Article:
3. Pope Francis calls us to an inner renewal; to have a renewed Church we need a Church of renewed people. This also means teaching the faith, knowing how to live it, knowing how to understand the deepest rationale of our faith. It is not about changing doctrine. It is about understanding the doctrine, and faithfully passing it on, without wavering. To be an outgoing Church, we need to know what we are bringing to the world and why we are doing it. This will also benefit our “being synodal,” to which we are called to today more than ever.

Therefore, I believe that the most important moment of each day will be that of the Mass. In this place and in the churches of Prague, where we will celebrate the Eucharist, we will proclaim that Christ died and rose again for us, and we will go out letting ourselves be carried away by the Holy Spirit, holding firm to that reality that leads us to be a Church “uncompromising in principle because it believes, tolerant in practice because it loves” (Réginald Garrigou-Lagrange, Dieu, son existence et sa nature, Paris 1923).

The challenge we have here is to understand that being synodal is not the same as creating a Parliament of the Church, in which the most successful ideas are voted on and promoted, and the others rejected.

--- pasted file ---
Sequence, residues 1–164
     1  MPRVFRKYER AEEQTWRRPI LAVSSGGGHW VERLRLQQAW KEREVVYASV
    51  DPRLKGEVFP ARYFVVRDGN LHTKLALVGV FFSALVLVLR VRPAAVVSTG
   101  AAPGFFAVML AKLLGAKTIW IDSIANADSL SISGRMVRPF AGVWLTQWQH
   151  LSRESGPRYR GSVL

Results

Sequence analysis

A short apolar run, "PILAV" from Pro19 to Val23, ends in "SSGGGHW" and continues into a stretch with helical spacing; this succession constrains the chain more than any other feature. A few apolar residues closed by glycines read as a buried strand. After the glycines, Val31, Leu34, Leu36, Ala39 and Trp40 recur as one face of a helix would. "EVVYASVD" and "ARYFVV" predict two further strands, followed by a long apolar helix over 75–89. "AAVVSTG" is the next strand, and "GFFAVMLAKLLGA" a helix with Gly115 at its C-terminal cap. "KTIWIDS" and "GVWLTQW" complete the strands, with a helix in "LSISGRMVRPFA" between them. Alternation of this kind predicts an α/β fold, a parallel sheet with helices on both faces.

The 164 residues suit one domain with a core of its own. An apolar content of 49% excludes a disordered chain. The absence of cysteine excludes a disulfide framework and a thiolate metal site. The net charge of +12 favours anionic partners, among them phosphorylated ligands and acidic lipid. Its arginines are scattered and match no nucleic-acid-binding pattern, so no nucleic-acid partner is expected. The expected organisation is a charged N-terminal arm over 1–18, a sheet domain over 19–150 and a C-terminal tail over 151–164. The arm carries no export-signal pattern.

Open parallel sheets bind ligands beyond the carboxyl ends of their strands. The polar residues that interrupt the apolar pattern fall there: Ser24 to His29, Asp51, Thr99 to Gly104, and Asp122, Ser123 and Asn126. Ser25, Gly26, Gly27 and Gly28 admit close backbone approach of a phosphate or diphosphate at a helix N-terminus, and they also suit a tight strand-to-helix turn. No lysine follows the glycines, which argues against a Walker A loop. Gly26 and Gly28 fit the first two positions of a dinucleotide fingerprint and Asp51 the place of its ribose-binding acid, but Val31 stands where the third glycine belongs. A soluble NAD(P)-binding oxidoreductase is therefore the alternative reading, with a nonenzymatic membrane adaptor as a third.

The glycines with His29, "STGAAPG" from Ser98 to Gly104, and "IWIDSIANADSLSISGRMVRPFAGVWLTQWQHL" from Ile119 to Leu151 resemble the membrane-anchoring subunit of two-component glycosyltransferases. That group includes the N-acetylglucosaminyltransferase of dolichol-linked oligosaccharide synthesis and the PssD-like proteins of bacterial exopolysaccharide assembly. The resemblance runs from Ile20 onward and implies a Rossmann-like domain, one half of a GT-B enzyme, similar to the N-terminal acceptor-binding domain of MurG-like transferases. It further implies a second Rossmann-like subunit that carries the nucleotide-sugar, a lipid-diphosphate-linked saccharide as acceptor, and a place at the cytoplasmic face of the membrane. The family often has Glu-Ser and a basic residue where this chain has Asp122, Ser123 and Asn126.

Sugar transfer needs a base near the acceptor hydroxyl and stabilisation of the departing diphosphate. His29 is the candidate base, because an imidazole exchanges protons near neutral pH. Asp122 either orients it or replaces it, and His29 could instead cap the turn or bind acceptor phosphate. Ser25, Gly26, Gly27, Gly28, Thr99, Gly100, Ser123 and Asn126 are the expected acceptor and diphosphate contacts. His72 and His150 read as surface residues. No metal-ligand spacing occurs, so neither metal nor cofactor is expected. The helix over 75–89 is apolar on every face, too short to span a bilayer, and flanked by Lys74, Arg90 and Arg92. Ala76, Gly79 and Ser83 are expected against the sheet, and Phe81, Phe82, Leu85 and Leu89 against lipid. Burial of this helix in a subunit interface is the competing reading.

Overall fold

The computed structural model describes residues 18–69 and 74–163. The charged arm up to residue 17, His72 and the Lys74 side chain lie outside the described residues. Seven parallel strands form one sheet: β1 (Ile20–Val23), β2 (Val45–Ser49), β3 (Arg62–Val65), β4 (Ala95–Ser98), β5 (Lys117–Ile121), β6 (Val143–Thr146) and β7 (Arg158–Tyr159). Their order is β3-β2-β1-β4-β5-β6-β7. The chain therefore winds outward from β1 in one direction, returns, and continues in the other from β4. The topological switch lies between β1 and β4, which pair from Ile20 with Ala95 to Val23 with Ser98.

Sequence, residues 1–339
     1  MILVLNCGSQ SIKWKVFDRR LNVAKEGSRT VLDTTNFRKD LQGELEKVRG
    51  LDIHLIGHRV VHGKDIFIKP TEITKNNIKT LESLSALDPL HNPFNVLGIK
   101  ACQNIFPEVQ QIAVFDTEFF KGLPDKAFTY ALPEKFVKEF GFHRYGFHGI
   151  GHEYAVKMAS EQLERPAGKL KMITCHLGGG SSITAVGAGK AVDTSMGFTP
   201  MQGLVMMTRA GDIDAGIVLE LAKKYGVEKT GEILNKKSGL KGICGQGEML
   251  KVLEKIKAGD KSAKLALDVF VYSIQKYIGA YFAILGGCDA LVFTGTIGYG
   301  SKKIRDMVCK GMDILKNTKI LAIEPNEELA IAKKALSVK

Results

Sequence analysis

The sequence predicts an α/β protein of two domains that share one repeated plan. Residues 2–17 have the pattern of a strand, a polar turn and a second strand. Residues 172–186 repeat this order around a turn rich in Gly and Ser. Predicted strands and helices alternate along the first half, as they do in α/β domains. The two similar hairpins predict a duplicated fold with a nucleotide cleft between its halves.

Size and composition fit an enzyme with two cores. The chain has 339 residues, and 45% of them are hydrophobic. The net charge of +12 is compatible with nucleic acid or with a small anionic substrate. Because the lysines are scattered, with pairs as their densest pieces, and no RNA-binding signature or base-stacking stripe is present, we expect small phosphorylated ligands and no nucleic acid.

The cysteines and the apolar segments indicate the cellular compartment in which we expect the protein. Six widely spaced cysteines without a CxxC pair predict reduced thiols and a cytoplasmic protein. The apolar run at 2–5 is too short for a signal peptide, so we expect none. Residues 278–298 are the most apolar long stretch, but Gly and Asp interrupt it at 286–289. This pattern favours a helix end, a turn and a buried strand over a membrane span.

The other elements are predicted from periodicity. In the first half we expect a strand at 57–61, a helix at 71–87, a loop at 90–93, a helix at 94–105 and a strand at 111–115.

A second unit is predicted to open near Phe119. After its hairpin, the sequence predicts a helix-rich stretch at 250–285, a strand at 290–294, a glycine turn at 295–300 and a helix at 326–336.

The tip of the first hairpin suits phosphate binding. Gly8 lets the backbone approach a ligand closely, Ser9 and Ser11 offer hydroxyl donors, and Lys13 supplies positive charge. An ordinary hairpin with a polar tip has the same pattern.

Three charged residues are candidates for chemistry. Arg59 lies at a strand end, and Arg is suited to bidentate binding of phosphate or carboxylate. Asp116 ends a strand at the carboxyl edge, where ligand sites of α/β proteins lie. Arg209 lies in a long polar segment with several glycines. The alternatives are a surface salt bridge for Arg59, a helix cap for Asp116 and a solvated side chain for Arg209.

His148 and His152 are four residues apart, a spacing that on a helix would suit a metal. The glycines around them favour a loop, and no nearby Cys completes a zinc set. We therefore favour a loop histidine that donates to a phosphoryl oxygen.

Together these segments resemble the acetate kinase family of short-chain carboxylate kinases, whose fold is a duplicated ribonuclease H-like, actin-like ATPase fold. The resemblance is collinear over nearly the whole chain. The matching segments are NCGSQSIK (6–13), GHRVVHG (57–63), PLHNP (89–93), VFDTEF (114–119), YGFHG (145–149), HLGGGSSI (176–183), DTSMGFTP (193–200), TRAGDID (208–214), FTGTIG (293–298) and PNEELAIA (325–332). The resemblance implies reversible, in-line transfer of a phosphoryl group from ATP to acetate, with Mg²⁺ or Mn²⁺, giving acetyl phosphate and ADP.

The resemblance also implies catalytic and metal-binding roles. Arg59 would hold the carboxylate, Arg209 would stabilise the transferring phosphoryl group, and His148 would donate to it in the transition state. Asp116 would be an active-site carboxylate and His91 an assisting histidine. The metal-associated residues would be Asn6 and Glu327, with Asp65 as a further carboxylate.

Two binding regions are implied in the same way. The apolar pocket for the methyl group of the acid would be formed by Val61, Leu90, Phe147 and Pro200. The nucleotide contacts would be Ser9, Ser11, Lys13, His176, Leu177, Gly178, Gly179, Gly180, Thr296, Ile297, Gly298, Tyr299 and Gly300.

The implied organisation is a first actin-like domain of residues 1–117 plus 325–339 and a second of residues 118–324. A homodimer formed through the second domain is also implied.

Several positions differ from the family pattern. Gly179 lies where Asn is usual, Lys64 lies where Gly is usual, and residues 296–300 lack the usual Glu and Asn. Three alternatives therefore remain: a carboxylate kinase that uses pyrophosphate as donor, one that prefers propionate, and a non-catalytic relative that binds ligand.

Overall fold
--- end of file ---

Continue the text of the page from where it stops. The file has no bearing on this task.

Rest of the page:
As Pope Francis explained, “The Synod is not a parliament, let me be clear, it is something else. Why is it not a parliament? Because the most important character at the Synod is the Holy Spirit. We speak, but it is not a parliament. The synod is a moment of grace, a process guided by the Spirit who makes all things new, who frees us from worldliness, from being enclosed in ourselves, from our repetitive pastoral patterns and from fear. It calls us to question what God wants to say to us in this time, today, and the direction in which he wishes to lead us.” (Pope Francis, Address to participants at the Pastoral Days of Francophone Catholic Communities, Oct. 14 2022).